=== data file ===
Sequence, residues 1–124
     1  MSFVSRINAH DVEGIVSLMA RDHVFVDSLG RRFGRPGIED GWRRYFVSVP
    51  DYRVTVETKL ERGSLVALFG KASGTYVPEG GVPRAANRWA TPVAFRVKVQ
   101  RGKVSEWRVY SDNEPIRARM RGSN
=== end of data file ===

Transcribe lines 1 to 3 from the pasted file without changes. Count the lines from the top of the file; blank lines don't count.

Sequence, residues 1–124
     1  MSFVSRINAH DVEGIVSLMA RDHVFVDSLG RRFGRPGIED GWRRYFVSVP
    51  DYRVTVETKL ERGSLVALFG KASGTYVPEG GVPRAANRWA TPVAFRVKVQ